News, views, tips and tricks on Oracle and other fun stuff

Database as a Storage (DBaaS) vs. Thick Database

A recent addition to my Oracle PL/SQL library is the book Oracle PL/SQL Performance Tuning Tips & Techniques by Michael Rosenblum and Dr. Paul Dorsey.

I agree with Steven Feuerstein’s review that “if you write PL/SQL or are responsible for tuning the PL/SQL code written by someone else, this book will give you a broader, deeper set of tools with which to achieve PL/SQL success”.

In the foreword of the book, Bryn Llewellyn writes:

The database module should be exposed by a PL/SQL API. And the details of the names and structures of the tables, and the SQL that manipulates them, should be securely hidden from the application server module. This paradigm is sometimes known as “thick database.” It sets the context for the discussion of when to use SQL and when to use PL/SQL. The only kind of SQL statement that the application server may issue is a PL/SQL anonymous block that invokes one of the API’s subprograms.

I subscribe to the thick database paradigm. The implementation details of how a transaction is processed and where the data is stored in the database should be hidden behind PL/SQL APIs. Java developers do not have to know how the data is manipulated or the tables where the data is persisted, they just have to call the API.

However, like Bryn, I have seen many projects where all calls to the database are implemented as SQL statements that directly manipulate the application’s database tables. The manipulation is usually done via an ORM framework such as Hibernate.

In the book, the authors share a particularly bad example of this design. A single request from a client machine generated 60,000 round-trips from the application server to the database. They explain the reason behind this large number:

Java developers who think of the database as nothing more than a place to store persistent copies of their classes use Getters and Setters to retrieve and/or update individual attributes of objects. This type of development can generate a round-trip for every attribute of every object in the database. This means that inserting a row into a table with 100 columns results in a single INSERT followed by 99 UPDATE statements. Retrieving this record from the database then requires 100 independent queries. In the application server.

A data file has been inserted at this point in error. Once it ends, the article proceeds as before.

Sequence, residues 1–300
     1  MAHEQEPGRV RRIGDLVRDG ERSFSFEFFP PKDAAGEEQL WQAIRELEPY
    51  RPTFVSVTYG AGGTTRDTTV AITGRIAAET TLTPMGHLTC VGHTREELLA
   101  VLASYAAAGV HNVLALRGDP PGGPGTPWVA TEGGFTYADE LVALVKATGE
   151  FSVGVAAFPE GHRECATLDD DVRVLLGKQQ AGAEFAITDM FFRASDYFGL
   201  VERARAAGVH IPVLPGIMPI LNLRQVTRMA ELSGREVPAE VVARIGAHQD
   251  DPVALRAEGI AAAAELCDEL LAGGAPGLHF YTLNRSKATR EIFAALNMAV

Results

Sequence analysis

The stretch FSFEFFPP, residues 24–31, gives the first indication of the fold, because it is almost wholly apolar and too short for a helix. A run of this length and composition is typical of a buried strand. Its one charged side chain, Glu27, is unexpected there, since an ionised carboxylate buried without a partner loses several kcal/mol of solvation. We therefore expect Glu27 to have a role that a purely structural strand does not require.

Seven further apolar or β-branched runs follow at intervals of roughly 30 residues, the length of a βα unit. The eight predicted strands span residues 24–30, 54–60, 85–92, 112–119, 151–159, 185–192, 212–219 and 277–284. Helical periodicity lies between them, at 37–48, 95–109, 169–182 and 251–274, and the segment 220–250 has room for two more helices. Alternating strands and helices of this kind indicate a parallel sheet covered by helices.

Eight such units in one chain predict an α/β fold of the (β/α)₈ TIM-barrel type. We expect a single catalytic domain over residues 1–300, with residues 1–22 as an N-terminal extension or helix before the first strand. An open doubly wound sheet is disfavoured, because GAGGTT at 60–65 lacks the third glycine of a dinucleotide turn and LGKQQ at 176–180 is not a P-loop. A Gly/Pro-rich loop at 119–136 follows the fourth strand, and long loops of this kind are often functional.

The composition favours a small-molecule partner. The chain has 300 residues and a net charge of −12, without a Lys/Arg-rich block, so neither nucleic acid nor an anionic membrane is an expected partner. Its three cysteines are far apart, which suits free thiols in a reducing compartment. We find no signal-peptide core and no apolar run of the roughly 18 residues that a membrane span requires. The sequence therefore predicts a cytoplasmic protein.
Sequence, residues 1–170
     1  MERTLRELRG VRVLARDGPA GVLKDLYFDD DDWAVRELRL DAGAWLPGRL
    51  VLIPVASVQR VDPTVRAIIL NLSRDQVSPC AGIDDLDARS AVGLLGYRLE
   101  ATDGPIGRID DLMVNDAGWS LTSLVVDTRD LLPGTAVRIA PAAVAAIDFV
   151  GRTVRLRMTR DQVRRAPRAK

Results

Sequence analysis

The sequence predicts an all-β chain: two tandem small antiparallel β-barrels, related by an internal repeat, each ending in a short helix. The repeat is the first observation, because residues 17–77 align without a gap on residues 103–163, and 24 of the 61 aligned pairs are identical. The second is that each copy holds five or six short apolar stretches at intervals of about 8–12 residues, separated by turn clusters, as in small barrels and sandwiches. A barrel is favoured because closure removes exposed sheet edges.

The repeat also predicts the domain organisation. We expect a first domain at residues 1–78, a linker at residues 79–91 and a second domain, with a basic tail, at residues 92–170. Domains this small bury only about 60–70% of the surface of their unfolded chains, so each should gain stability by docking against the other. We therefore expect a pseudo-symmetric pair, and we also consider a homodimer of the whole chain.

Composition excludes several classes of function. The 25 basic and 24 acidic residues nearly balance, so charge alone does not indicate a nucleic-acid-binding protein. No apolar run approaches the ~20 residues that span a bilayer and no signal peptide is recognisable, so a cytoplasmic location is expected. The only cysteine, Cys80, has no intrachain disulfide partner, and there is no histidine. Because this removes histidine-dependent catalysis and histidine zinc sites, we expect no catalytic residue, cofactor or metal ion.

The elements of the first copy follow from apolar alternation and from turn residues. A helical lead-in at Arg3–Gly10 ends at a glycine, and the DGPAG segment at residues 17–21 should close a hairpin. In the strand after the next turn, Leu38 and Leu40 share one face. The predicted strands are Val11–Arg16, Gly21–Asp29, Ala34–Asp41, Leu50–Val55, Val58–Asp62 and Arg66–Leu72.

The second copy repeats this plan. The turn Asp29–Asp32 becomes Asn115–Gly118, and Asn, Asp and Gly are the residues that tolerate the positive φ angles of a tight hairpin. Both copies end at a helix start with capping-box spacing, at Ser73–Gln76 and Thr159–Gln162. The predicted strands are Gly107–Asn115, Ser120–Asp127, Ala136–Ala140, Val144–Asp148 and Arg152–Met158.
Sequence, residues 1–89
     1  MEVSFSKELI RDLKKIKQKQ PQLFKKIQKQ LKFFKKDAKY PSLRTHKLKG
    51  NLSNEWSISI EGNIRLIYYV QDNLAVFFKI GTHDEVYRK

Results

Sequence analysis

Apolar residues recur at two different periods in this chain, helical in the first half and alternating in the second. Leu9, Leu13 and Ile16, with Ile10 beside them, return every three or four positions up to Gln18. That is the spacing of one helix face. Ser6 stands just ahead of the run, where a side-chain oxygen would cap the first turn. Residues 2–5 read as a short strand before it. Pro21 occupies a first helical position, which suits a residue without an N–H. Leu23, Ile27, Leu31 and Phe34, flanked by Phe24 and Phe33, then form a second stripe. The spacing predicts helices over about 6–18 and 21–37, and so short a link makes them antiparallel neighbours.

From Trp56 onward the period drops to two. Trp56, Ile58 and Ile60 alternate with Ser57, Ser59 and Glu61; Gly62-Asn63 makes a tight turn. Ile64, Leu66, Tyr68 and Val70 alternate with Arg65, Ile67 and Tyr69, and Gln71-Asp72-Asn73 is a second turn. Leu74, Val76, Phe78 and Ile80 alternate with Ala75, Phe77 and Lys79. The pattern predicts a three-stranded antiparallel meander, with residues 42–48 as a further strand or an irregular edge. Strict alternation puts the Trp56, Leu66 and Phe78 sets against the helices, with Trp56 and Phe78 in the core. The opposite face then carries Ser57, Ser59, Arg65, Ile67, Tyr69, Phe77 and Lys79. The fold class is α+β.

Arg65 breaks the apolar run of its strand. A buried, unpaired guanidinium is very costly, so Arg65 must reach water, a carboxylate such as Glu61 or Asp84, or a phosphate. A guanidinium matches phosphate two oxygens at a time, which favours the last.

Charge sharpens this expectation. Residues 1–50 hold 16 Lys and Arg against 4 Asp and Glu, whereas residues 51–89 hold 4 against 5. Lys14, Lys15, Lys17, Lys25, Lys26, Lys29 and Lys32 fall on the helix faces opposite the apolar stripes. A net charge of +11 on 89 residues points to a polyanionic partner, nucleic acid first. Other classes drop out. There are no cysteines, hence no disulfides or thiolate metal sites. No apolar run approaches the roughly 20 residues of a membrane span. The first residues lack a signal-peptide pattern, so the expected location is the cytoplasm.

Wow! That’s bad. Multiply this by a 100 concurrent requests and users will start complaining about a “slow database”. NoSQL to the rescue!

2 Comments | Filed in Oracle | Tags: , ,

About Oracle Press

Oracle Press is a marketing label used by McGraw Hill to market its line of Oracle books – the books are not formally written by Oracle Corporation nor are they formally tech edited by Oracle Corporation, although some employees of Oracle Corporation have used McGraw Hill as a publishing company. At least for me, for several years the “Officially Authorized Oracle Press” logo on books published by McGraw Hill seemed to be endorsement of the books by Oracle Corporation, but that is not the case.

via Charles Hooper’s Oracle Notes.

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Hundreds of Free E-Books, Wow!

I came across this Chinese website that has hundreds of e-books about Oracle, Microsoft, Dreamweaver, Flash, Java, PHP, mySQL, Linux, Cisco and many many more, all ready for your online reading pleasure. I do not think this is legal. At least, it is as legal as software piracy.

2 Comments | Filed in ColdFusion, Oracle | Tags:

15 Reasons Why Books Have Problems

books.jpg According to Jeff Jarvis, the book is an outmoded means of communicating information. He lists many problems with books. According to him, books:

  1. Are frozen in time without the means of being updated and corrected.
  2. Have no link to related knowledge, debates, and sources.
  3. Create, at best, a one-way relationship with a reader.
  4. Try to teach readers but don’t teach authors.
  5. Tend to be too damned long because they have to be long enough to be books.
  6. Limit how knowledge can be found because they have to sit on a shelf under one address.
  7. Are expensive to produce.
  8. Depend on scarce shelf space.
  9. Depend on blockbuster economics.
  10. Can’t afford to serve the real mass of niches.
  11. Aren’t searchable.
  12. Aren’t linkable.
  13. Have no metadata.
  14. Carry no conversation.
  15. Thrown out when there’s no space for them anymore. Print is where words go to die.

Of course, his ideas about books resulted in many comments. I summarize:

  1. Electronics simply can’t replace the tactile experience of reading a book.
  2. Smart authors have found ways to blend the print with the electronic to offer something more.
  3. Books need no batteries, no operating systems, no proprietary viewing clients, they have no software glitches, no format incompatibilities, and you can take them to the beach to read them lying in the sun.